Example 1: A dwarf unit rolls three maneuver icons while in an army controlling the eighth face of a highland die. These maneuver results are quadrupled (doubled once for the eighth face advantage and then doubled again for the dwarf's racial ability, which allows his to double maneuvers in highland), resulting in 12 points of maneuvers.

Example 2: While rolling for saves, a coral elf unit rolls three maneuver icons. The unit is part of an army in control of an eighth face of a coastland die. Six saves are generated by this roll. The maneuvers are doubled because of the eighth face advantage, and then count as saves because of the coral elf's racial ability (which allows him to count maneuvers as saves in coastland).

An army loses control of a terrain if that terrain is ever moved from its eighth face, or if the army leaves the terrain, or if the army is destroyed.

Special Icons

The special icons that appear on the eighth face of terrain dice are as follows.

City: If your army controls a terrain with this icon, at the beginning of your turn you can recruit a  1-health unit or promote a unit in the controlling army. To recruit a 1-health unit, take a common unit from your dead unit area and place it in the controlling army. (If you have no common units in your dead unit area, you can't recruit.) To promote a unit, trade it with a unit in your dead unit area. The trade must be with a unit of the same race thatÕs worth 1 health point more than the "live" unit. For example, a common dwarf can be promoted to an uncommon dwarf. Rares (3-health units) can be promoted to monsters (4-health units).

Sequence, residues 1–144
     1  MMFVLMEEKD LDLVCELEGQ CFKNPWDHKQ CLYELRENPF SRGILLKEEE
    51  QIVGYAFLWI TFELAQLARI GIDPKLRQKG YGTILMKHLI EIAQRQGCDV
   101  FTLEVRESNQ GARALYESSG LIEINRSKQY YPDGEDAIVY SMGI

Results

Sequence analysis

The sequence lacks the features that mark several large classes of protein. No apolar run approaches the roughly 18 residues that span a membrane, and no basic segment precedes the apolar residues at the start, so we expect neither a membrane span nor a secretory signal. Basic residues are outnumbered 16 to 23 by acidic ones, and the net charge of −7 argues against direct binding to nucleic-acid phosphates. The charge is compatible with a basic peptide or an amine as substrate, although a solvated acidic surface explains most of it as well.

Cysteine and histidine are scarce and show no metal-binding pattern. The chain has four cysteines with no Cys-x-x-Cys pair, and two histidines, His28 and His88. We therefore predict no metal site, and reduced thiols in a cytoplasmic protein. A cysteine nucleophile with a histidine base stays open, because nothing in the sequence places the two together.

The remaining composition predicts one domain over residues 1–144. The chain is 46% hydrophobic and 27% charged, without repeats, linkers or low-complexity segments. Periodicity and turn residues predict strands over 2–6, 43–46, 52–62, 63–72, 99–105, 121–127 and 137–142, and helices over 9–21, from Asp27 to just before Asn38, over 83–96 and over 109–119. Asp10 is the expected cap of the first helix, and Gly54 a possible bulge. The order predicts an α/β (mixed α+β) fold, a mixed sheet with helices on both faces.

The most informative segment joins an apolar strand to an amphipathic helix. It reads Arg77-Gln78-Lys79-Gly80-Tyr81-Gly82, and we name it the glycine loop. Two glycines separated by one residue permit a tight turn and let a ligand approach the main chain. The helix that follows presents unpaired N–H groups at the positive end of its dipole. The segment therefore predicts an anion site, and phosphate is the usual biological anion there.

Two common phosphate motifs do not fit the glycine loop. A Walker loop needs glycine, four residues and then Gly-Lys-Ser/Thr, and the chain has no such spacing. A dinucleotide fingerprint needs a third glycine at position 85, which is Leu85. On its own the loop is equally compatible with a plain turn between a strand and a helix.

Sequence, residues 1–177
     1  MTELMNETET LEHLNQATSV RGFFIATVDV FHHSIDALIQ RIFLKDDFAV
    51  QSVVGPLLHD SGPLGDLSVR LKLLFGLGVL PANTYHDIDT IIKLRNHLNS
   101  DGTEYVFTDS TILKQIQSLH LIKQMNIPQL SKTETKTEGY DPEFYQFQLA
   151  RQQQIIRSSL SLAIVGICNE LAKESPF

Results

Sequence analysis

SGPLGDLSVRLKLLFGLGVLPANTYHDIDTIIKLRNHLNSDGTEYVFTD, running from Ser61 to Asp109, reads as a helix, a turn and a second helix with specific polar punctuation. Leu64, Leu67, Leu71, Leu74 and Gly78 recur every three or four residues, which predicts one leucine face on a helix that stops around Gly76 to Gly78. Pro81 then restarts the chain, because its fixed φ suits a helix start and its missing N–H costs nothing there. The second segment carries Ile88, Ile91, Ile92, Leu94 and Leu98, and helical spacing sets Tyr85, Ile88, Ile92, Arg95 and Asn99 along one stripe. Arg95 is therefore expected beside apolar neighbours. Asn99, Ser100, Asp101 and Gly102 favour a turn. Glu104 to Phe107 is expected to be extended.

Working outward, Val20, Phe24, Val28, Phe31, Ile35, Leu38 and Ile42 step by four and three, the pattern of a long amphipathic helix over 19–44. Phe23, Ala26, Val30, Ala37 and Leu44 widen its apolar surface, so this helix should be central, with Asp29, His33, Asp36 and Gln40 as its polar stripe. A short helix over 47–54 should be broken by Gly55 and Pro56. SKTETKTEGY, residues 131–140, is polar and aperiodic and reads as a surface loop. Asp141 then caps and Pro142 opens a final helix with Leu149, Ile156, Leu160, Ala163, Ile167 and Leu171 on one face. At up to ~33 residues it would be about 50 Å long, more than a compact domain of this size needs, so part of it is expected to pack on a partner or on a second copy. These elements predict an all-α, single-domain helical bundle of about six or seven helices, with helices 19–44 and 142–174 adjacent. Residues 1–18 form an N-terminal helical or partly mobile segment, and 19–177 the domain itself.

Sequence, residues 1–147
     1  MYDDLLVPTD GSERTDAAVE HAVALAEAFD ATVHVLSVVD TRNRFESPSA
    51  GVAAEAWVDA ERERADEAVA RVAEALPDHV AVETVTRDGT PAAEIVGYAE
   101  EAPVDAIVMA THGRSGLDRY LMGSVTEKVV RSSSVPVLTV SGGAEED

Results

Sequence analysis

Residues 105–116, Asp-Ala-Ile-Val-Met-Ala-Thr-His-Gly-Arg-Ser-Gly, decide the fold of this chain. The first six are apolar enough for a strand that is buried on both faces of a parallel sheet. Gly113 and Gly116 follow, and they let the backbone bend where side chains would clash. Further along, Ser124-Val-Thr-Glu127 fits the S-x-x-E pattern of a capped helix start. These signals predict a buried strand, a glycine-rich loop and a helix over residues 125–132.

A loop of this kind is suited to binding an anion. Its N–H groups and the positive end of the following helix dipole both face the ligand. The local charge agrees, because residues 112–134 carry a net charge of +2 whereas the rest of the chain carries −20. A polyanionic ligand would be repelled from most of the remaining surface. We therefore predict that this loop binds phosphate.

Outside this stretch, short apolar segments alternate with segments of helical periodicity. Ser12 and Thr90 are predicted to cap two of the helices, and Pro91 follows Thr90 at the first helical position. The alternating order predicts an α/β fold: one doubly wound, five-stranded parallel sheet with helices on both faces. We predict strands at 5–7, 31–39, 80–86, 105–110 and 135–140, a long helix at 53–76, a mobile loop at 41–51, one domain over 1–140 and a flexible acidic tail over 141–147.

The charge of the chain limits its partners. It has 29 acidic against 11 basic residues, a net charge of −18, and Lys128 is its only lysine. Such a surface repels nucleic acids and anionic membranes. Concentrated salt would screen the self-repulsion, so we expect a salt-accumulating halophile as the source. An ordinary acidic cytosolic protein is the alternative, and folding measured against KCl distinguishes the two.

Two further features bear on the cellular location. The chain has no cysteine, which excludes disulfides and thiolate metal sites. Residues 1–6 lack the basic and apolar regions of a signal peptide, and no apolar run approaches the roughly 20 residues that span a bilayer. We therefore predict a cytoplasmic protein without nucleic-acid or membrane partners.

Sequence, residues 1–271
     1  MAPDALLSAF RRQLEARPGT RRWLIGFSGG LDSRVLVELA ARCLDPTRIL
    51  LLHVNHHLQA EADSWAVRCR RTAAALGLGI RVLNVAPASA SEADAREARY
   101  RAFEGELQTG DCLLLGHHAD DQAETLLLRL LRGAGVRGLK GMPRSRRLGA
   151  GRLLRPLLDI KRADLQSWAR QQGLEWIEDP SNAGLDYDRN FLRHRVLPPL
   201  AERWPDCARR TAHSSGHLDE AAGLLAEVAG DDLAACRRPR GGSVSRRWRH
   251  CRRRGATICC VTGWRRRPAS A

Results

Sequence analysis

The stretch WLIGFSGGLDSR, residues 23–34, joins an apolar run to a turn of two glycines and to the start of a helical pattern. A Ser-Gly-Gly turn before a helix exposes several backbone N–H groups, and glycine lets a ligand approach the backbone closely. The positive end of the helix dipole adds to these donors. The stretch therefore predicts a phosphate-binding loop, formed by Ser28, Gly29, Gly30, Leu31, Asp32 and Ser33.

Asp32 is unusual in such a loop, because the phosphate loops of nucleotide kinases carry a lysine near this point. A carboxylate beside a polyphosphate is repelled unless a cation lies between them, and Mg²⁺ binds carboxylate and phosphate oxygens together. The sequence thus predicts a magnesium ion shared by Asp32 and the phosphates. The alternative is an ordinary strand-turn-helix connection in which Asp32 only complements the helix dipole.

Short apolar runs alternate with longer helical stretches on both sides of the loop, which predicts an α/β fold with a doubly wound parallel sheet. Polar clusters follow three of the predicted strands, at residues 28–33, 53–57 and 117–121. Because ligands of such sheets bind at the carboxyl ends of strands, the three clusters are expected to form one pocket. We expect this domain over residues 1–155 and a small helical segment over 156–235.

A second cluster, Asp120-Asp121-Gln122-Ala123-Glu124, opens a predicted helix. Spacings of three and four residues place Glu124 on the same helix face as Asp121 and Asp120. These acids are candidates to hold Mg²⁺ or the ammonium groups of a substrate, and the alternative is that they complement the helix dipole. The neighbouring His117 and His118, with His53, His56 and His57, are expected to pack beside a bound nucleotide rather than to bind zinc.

Standing Stones: If your army controls a terrain with this icon, it can cast magic of the terrain's color-even if it contains units that can't normally cast that color of magic. However, if the unit doesn't match a color in the terrain die, it can't double its magic results when it rolls ID icons.

Temple: If your army controls a terrain with this icon, the army is immune to death (black) magic cast by opposing armies. Also, at the beginning of your turn, you may force another player to bury one of his dead units. The targeted player chooses which of his units to bury. Note: Since summoning a dragon to a terrain doesn't target a specific army, a black dragon may still be summoned to a terrain with a temple icon.

Tower: If your army controls a terrain with this icon, it can shoot farther than normal. Missile fire from this army can reach any terrain in play. It cannot target reserves.

Special Rules

The following rules apply to special circumstances that may come up during the course of a battle.

Special Action Icons

Rare (3-health) units and monster (4-health) units have a number of special action icons. These special action icons take effect before normal action icons. However, special action icons can't affect the results of dice that have already rolled.

Example: An army attacking during a melee rolls cantrip special action icons. Before the defending army rolls for saves against the melee hits, the attacking player uses the cantrips to cast a Lightning Strike spell. The attacker targets the spell on one of the defender's units. If the unit doesn't roll a save and is killed by the spell, it's removed from play before it rolls saves with the rest of the defending army against the original melee attack.

Note: If the defending army rolls a cantrip, it can't nullify an attacking unit's results-they've already been rolled. On the other hand, it can buy spells such as Stoneskin to protect itself.

Effects of special action icons are explained on the following pages, but first some general notes:

1) Spells that multiply, divide, add, or subtract the number of results obtained on a roll have no effect on special action icons. Minuses can't be applied to them, and they can't be halved or doubled.